Vail Resorts CEO Rob Katz officially offered to buy Park City Mountain Resort's base facilities yesterday but PCMR isn't having it, claiming that Katz's actions amount to a Vail takeover. Things are getting plain nasty in the battle over PowdrCorp/PCMR's lease renewal, which they allegedly failed to renew on time from Talisker Land Holdings. Now, Vail Resorts (and their copious war chest of $5 million) is calling out PCMR's CEO, John Cumming, for accusing Vail of never making a serious proposal to settle the land-use lawsuit. Katz claims this just isn't true, and sent a five-page letter to Cumming and the media showing just how nice and cuddly Vail Resorts can be. Could this be the magic letter that brings peace? Hint: Not so much.
After Talisker/Vail filed a second eviction notice to PCMR/PowdrCorp on March 14., Cumming said, "Vail should be talking with us about ways to resolve this dispute since, as we've said before, eviction of PCMR from the property will leave Vail with land that cannot possibly be used for any economic purpose. Without the base and parking facilities, which neither Vail nor Talisker owns, Vail cannot operate a ski resort."
Au contraire, Vail believes. Here are the most important gems (and our handy editorial comments) from Vail's carefully crafted and oh-so-friendly letter:
1. Vail sums up their take on the entire land-lawsuit dispute: "A landlord believed that its tenant's lease had expired and wanted higher rent. The tenant refused to pay and sued the landlord, so the landlord found a new tenant." Well that was simple.
2. Vail has long had an interest in expanding to Utah. This is definitely true because everyone knows Vail wants to take over the world.
3. Vail wants to connect Canyons and Park City Mountain Resort. They are also a proponent of the One Wasatch concept.
4. If the Court rules that PCMR's lease with Talisker was renewed, then Vail will offer their "sincerest congratulations." Uh, we're not so sure about this one. No one ever offers their congratulations when they bet millions and lose.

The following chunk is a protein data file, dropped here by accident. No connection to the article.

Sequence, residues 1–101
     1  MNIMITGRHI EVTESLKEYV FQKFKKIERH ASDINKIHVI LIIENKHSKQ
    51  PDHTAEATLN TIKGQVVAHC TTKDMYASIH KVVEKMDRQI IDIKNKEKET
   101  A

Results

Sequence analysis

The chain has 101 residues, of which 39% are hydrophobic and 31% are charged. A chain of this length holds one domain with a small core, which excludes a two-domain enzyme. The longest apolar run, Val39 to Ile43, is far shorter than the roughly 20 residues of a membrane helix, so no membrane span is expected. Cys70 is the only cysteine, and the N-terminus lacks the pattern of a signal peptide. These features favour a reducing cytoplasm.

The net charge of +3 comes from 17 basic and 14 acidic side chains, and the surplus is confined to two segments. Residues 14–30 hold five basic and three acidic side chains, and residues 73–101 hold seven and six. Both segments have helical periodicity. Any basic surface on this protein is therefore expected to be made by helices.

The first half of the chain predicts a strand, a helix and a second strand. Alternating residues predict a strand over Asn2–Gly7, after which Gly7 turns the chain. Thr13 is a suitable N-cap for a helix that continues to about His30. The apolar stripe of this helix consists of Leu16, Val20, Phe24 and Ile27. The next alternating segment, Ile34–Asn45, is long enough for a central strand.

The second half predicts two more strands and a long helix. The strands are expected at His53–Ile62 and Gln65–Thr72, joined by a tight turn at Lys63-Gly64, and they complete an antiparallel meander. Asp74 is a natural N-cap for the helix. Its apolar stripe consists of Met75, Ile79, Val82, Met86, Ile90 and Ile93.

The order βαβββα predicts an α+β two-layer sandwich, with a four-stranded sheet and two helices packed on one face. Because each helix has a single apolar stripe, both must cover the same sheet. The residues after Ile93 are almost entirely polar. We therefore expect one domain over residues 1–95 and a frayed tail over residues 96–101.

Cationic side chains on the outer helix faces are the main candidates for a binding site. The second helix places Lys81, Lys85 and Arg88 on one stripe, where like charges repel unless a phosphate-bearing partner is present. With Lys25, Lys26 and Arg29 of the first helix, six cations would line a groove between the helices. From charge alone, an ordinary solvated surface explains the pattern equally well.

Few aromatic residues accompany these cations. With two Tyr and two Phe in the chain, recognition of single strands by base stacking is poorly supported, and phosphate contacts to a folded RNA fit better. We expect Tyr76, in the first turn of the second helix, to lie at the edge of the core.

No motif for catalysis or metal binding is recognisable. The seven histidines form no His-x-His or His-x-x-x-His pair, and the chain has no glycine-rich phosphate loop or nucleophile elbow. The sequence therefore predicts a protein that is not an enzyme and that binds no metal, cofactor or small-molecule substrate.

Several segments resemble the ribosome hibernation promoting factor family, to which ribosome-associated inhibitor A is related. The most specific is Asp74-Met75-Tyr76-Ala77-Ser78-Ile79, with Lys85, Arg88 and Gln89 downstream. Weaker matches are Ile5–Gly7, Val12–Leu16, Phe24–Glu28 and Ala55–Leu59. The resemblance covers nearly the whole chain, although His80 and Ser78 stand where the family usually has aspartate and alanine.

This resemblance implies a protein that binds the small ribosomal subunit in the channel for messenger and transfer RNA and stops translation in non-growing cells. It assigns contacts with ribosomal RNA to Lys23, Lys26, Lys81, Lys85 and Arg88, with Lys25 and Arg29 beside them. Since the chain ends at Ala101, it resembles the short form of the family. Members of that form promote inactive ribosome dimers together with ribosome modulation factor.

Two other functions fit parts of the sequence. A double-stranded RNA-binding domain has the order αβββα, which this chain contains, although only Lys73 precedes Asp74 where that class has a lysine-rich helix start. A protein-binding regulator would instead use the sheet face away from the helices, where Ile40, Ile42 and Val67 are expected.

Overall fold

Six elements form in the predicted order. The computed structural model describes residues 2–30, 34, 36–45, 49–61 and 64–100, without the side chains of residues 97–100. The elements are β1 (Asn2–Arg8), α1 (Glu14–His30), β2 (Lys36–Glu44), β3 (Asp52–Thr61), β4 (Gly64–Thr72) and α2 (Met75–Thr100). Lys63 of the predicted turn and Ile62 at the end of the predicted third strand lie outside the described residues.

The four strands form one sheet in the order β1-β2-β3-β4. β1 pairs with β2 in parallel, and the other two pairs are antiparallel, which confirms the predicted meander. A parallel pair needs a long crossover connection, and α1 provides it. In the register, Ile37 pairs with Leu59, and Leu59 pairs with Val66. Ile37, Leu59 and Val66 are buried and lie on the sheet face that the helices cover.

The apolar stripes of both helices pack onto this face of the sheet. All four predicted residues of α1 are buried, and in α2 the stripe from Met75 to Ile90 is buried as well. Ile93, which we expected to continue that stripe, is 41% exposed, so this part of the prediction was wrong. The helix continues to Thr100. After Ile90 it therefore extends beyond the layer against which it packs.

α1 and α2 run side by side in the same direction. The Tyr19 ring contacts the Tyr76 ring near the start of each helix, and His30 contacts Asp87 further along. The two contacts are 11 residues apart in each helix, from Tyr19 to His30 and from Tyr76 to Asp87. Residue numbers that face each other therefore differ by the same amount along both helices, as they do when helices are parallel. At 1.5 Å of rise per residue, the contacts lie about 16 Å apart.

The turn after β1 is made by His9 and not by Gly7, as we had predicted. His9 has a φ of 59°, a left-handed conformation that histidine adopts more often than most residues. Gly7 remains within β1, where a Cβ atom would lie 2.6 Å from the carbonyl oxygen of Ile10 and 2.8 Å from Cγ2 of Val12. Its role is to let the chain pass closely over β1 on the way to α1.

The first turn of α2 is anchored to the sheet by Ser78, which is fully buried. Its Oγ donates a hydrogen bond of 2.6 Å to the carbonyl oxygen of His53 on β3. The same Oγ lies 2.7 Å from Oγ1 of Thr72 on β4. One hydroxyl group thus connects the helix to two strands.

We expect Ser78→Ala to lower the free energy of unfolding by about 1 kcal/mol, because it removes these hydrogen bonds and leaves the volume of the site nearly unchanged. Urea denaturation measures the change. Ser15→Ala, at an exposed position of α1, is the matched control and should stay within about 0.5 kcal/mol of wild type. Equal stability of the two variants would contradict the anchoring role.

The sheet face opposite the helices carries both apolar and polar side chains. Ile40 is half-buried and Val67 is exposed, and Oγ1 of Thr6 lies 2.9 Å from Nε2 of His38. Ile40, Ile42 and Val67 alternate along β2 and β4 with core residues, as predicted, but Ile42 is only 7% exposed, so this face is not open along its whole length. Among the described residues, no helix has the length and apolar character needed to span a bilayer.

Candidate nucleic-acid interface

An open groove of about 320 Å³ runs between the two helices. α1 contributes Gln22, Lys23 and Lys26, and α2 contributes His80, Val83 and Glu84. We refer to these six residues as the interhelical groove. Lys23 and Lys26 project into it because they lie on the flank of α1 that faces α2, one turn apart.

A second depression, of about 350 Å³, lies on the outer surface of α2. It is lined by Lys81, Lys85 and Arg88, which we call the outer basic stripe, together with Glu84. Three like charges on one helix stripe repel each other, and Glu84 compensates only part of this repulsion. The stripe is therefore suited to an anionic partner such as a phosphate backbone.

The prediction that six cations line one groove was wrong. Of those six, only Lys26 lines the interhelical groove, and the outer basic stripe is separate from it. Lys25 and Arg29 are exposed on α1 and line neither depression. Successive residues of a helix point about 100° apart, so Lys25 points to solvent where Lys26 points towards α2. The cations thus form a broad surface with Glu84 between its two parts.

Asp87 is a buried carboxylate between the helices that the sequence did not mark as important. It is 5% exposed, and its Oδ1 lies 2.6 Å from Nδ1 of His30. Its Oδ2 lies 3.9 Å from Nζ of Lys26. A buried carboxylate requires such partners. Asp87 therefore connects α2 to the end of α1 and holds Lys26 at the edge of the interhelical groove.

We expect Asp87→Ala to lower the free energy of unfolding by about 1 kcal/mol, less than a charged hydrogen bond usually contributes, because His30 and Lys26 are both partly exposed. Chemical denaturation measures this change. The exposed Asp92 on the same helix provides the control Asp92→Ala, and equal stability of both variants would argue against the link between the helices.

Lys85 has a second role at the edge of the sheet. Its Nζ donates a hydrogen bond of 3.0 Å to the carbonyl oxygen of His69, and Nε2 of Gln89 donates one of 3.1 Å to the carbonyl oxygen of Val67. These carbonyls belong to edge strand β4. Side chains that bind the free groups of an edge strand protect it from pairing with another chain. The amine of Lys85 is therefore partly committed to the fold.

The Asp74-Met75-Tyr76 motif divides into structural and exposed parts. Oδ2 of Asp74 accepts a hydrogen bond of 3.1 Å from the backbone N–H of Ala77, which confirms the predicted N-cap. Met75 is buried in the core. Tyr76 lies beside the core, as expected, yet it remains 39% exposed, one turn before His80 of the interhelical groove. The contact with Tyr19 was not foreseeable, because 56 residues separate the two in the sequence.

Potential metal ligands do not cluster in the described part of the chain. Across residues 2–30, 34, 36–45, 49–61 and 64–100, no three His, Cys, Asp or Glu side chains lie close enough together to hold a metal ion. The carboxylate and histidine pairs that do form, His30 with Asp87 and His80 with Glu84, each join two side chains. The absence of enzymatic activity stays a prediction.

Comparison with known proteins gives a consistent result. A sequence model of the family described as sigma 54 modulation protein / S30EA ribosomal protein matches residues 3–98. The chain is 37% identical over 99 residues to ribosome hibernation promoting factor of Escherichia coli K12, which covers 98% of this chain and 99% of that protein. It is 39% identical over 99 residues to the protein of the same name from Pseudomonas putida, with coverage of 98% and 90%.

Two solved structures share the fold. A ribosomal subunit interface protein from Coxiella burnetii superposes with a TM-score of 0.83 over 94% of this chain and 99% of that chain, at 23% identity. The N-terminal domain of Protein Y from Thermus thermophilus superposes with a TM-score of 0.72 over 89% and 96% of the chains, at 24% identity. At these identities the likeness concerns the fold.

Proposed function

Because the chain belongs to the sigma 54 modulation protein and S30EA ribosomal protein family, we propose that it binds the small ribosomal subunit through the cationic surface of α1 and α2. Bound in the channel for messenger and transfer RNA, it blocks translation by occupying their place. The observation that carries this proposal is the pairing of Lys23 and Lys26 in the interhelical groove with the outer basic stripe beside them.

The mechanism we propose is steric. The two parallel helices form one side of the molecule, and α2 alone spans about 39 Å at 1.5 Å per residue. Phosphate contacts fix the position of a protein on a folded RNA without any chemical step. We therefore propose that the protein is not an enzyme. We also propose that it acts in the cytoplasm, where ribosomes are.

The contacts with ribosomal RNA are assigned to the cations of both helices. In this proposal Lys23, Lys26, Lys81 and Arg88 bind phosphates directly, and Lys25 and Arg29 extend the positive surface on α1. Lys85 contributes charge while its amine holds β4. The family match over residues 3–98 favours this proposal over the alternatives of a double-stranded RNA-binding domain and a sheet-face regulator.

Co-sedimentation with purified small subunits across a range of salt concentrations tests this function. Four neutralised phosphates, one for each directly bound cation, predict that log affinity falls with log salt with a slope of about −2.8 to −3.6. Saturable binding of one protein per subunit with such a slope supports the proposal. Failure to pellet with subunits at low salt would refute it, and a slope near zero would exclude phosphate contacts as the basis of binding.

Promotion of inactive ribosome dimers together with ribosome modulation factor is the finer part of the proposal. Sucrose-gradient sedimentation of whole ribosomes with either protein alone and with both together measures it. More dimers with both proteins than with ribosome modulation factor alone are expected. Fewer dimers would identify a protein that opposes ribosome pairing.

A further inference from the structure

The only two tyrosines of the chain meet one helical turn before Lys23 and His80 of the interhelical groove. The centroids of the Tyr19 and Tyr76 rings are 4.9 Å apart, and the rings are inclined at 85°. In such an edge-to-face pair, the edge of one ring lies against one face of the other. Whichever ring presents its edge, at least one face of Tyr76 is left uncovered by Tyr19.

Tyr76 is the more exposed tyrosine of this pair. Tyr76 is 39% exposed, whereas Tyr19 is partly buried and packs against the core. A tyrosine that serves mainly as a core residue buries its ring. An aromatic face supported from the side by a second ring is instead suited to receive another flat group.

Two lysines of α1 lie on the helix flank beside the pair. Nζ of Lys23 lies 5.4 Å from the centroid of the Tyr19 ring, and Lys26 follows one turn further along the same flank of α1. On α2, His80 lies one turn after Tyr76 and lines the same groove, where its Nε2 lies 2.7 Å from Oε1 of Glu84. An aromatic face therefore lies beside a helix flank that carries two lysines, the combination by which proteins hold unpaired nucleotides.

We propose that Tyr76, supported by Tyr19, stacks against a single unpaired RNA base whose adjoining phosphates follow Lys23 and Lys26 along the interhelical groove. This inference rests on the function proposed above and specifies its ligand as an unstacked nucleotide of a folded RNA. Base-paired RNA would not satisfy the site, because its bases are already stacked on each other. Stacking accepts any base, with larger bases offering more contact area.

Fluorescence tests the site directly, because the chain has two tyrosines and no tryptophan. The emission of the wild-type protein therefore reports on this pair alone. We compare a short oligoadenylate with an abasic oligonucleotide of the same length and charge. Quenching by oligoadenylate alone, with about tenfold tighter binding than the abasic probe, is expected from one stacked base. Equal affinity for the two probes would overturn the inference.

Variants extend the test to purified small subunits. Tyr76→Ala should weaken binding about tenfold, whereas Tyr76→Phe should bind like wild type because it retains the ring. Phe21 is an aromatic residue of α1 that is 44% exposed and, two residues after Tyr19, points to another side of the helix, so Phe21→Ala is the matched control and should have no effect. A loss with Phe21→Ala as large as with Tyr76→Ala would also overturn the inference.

5. If the Court rules that PCMR's lease has expired, Vail will become the tenant and they intend to use and operate the terrain. They will do so with or without PCMR's base and parking facilities. Really? Read below for how it will all work...
6. If Vail doesn't own the PCMR base facilities, they will access the terrain from the Canyons and connect Canyons and PCMR with a new chairlift. But this isn't Vail's first choice because they agree that the use of the PCMR base lands allow for a much better guest experience and running the ski resort out of the base area is critical for the Park City community. We can't tell if this plan is all bluff or not.
7. Vail would be willing to purchase the base and parking facilities from PCMR for fair market value. This doesn't surprise us.
8. If PCMR loses its lease to the mountain, Vail is "willing to hire substantially all of the PCMR employees who are involved with running the resort." This is true whether or not Vail buys the base and parking facilities. As much as some in Park City hate Vail Resorts right now, this makes a lot of sense. Why hire new people when you can hire the people who already do a great job?
So there you have it, 5 pages of Vail Resorts PR magic distilled into 8 helpful points. So did Katz's words woo PCMR and Cumming enough to bring them to the negotiating table? Oh hell no. Cumming responded, "PCMR is interested in exploring all possible solutions that will preserve the independence of PCMR." He went on, ""What we won't agree to is a Vail takeover. Vail's domination of the ski market in Summit County would be bad for our community, bad for our guests and bad for our employees."
So what do you think, Curbediverse? Is Vail a big, bad, greedy bully or is PCMR a whiny loser who needs to sell out while they still can?
· Vail offers to buy Park City Resort's base facilities [Salt Lake Tribune]
· Is Vail About To Take Over Park City Mountain Resort? [Curbed Ski]
· All PCMR vs. Talisker Coverage [Curbed Ski Archives]